3. max number of bacteria obtained
What is different in every phase of bacterial growth?What controls this change?
1. type of proteins in the phase
2. different amounts of the same protein in each phase
Protein synthesis and expression is governed by sigma factor of the RNA polymerase. Different sigma factors= different proteins
In the lag phase, what happens to the number of cells, the metabolic activity of the cells and the cell mass?
number of cells- no increase
cell mass- increase
metabolic activity - increase
What determines the duration of the lag phase?
1. inoculum size
2. metabolic state
3. whether or not the medium is optimal for growth
What phase of bacterial growth do most antibiotics target?
They target the logarithmic stage because they will target aspects of bacterial replication and this is where bacteria are replicating the most
What happens to the cell number, cell mass, and metabolic activity during the logarithmic phase of bacterial growth?
cell number- increase rapidly
Cell mass- increase at the same rate as cell number
metabolic rate- max logarithmic rate (doubling each replication)
Describe a bacterial cell that is in the logarithmic growth phase.
It will be large, with lots of ribosomes and will be very metabolically active
What causes the growth rate to slow down and forces the bacteria into stationary phase?
The metabolic products produced in log phase accumulate and energy/nutrients are depleted so growth rate slows and viable count is constant
What happens to the viable cell count during the stationary phase?
It becomes constant
Does division occur during stationary phase?
Yes, but it is balanced out by cell death
Why are bacterial cells in stationary phase more resistant to antibiotics?
They are smaller and less metabolically active.
Antibiotics target replication machinery
What is cellular activity like during the death phase? what is the cell size?
Cells are small and activity is practically absent
What is the difference between sterilization and disinfection?
Sterilization is the complete absence of life and is achieved by physical and chemical methods.
Disinfection implies the killing or removal of pathogenic or potentially pathogenic microorganisms
All methods of bacterial killing are ________ dependent and require a sufficient ________ so that resistant bacteria can be killed.
What are the four physical methods used to disinfect and/or sterilize?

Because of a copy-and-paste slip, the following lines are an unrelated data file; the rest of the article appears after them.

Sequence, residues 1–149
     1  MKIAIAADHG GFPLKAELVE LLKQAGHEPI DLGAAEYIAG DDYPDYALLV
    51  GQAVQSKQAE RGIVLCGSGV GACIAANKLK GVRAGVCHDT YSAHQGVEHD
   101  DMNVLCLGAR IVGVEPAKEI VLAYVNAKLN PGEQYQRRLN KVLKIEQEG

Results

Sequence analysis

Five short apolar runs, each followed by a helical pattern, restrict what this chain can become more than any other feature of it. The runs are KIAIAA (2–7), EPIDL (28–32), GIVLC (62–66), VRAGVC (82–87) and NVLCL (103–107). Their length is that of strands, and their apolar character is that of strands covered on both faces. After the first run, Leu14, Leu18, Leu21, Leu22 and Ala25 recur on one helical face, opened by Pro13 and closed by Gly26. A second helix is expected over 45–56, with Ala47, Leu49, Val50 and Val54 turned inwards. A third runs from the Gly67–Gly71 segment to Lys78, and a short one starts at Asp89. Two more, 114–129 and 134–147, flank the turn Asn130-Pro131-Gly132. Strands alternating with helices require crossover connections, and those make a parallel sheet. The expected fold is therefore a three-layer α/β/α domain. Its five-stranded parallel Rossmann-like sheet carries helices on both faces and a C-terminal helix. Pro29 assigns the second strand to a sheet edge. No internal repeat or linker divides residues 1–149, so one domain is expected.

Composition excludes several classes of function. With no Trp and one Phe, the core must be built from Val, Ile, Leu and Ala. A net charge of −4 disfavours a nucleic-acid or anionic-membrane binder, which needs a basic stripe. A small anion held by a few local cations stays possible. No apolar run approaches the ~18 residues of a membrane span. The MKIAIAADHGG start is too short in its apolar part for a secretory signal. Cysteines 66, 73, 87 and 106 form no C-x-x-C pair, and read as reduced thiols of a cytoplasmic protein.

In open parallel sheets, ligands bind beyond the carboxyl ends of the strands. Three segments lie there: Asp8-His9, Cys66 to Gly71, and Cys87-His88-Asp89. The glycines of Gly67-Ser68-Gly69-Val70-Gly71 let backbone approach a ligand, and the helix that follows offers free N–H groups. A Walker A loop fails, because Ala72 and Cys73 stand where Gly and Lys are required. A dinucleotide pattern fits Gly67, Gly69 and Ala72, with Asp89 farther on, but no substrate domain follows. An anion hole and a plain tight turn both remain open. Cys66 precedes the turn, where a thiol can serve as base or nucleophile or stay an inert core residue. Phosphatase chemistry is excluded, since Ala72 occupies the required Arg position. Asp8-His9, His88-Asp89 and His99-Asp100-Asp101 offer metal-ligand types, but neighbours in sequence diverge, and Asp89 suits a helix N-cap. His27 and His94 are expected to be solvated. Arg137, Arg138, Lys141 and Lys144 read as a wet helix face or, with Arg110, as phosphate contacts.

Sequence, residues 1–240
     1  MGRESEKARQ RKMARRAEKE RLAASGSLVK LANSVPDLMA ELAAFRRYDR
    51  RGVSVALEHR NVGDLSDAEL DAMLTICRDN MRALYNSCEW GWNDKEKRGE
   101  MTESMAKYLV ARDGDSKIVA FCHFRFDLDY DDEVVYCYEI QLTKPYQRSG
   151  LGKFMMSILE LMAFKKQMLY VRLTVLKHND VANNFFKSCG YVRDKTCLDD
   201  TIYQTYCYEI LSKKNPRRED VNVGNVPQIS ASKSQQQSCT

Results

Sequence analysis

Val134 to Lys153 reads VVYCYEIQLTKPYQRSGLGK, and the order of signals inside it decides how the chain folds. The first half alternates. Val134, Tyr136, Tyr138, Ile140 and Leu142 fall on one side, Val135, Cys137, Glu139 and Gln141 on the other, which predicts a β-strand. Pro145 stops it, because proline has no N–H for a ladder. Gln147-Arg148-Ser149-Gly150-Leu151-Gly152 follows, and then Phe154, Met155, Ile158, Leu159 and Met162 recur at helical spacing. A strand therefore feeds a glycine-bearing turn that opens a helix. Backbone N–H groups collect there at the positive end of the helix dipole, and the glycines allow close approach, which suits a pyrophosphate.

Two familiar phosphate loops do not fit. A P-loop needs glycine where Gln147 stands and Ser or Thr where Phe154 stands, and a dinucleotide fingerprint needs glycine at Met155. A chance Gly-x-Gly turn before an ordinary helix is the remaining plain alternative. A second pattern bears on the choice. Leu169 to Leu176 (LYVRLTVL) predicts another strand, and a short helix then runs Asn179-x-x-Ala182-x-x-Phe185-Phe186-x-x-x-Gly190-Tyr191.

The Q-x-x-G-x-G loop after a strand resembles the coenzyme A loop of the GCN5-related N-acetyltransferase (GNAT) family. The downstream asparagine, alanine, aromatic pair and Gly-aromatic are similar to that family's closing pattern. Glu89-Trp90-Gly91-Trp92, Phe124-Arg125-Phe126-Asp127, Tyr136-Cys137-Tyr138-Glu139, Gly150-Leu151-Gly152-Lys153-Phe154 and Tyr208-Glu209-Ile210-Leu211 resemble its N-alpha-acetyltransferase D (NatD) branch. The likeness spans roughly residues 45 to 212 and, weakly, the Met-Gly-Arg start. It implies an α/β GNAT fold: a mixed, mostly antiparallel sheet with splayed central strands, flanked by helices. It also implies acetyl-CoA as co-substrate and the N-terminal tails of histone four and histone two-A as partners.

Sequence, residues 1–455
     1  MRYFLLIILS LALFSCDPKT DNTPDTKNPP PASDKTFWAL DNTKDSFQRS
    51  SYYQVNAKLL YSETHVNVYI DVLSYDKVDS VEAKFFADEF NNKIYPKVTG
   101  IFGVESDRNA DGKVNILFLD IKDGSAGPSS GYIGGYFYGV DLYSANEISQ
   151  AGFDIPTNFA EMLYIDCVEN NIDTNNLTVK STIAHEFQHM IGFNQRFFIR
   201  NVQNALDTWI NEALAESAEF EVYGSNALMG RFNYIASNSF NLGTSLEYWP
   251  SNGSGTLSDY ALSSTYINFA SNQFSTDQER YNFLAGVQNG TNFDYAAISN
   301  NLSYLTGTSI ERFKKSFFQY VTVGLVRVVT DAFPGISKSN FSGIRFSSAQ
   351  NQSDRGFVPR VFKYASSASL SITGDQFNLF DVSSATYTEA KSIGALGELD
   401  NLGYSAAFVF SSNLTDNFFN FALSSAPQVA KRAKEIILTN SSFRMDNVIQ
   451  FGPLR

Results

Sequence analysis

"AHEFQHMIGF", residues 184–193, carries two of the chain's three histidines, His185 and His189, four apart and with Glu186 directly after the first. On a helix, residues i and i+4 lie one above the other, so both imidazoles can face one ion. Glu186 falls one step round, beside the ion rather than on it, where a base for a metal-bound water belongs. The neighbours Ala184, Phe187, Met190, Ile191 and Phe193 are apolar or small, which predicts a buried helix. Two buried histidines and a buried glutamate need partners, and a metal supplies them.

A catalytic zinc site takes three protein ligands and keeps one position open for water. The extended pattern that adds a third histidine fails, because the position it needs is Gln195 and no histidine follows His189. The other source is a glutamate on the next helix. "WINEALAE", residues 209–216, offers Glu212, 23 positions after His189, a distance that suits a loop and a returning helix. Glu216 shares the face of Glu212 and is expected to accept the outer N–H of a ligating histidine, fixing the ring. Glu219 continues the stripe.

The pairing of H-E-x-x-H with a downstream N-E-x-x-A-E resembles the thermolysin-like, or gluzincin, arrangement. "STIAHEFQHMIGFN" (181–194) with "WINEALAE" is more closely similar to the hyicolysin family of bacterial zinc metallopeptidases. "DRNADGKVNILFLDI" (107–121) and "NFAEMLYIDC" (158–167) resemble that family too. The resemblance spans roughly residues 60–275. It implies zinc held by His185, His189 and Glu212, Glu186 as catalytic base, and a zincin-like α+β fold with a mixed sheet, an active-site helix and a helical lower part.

For sterilization ____ heat is better than _____ heat.
Moist is better than dry
What is the mostly widely used sterilization technique?
Autoclaving- put tools in a pressure chamber with 15lbs pressure (121degrees C) for 15 minutes
How long does autoclaving (moist heat) take to kill bacteria and at what temperature?
How long do ovens (dry heat) take and at what temperature?
Autoclaving- 121degrees for 15 minutes
Oven- 160-180 degrees for 2 hours
Why does refrigeration not work as a sterilization technique?
It does not kill the bacteria, only slows/stops the growth
What is UV radiation typically used to sterilize? Why?
It sterilizes surfaces and air masses because it has little penetrating power
For selective removal of bacteria, what technique is used?
What is an important consideration when selecting this technique?
Filtration- typically cellulose ester
It is important to consider the pores size (bacteria are 0.2-2 microns so you want the pore to be smaller)
What is filtration usually used to sterilize?
Biologicals and other substances that are denatured at high temps
What is asepsis and how is it different from the other sterilizers?
It is a technique to maintain sterilization, but it can not sterilize itself.
Asepsis provides a barrier impervious to bacteria (plugs, wraps, closures)
What are the 8 chemical methods for disinfection, germicisdes, antiseptics, etc?
5. heavy metal
7. formaldehyde and glutaraldehyde
8. ethylene oxid
What are detergents and how are they similar to alcohols in mechanism?
Detergents are quarternary ammonium compounds
Alcohol and detergents disrupt cell membranes
How do phenols disinfect?
They disrupt the cell membrane and denature proteins
How do halogens disinfect?
They are oxidizing agents effective against sulfhydryl groups
How do heavy metals disinfect?
They bind to sulfhydryl groups and block enzyme activity
How does hydrogen peroxide disinfect? What is the drawback?
It is an oxidizing agent but it is not effective against catalase + bacteria because they will break down the H2O2
How do formaldehyde and glutaraldehyde disinfect?
They alkylate NH2 and OH groups on proteins and nucleic acids to disrupt function
How does ethelyne oxide disinfect?
It is an alkylating agent in gas form.
It is used 2nd to autoclaving but for heat sensitive material
It you want to sterilize a plastic tube, you cannot use autoclaving because the plastic will melt. What is your second choice for sterilization?
Ethelyne oxide- a gas form alkylating agent
What are three ways bacteria are able to confer resistance to host defenses?
1. their rapid generation time -> increased mutation
2. horizontal gene transfer via transposons/plasmids
3. Adapt to conditions
What is the central dogma of the genetic code?
Codons are read in triplets and are:
1. redundant - multiple triplets encode the same AA
2. non-overlapping -> each triplet only encodes one AA
What is the start codon sequence and what does it encode?
ATG encodes methionine
What are the three stop codons?>
TAA, TAG, TGA
What is the benefit of a bacteria having a haploid genome?
Since there is only a single chromosome, a mutation can confer a direct phenotypic change so it helps them adapt faster
What is merodiploid?
When a second gene is introduced on a plasmid to mask the phenotypic expression of another allele
* it is like being diploid but only for one specific gene
Bacteria are normally __________. They become ______ for a very short time prior to cell separation. If an allele is introduced via plasmid they become ________.
What is the mutation rate?
How do mutations arise in bacteria?
the specific rate that correlates to spontaneous mutation due to replication errors and other forms of mutagenesis
Mutations arise randomly and in the absence of antimicrobial agents (selection)
Resistance to the drugs ______ and ______ require only a single base pair change in the bacterial chromosome.
Streptomycin and Rifampicin
If you plate a bacteria on a plate lacking antibiotics, it results in ________________________.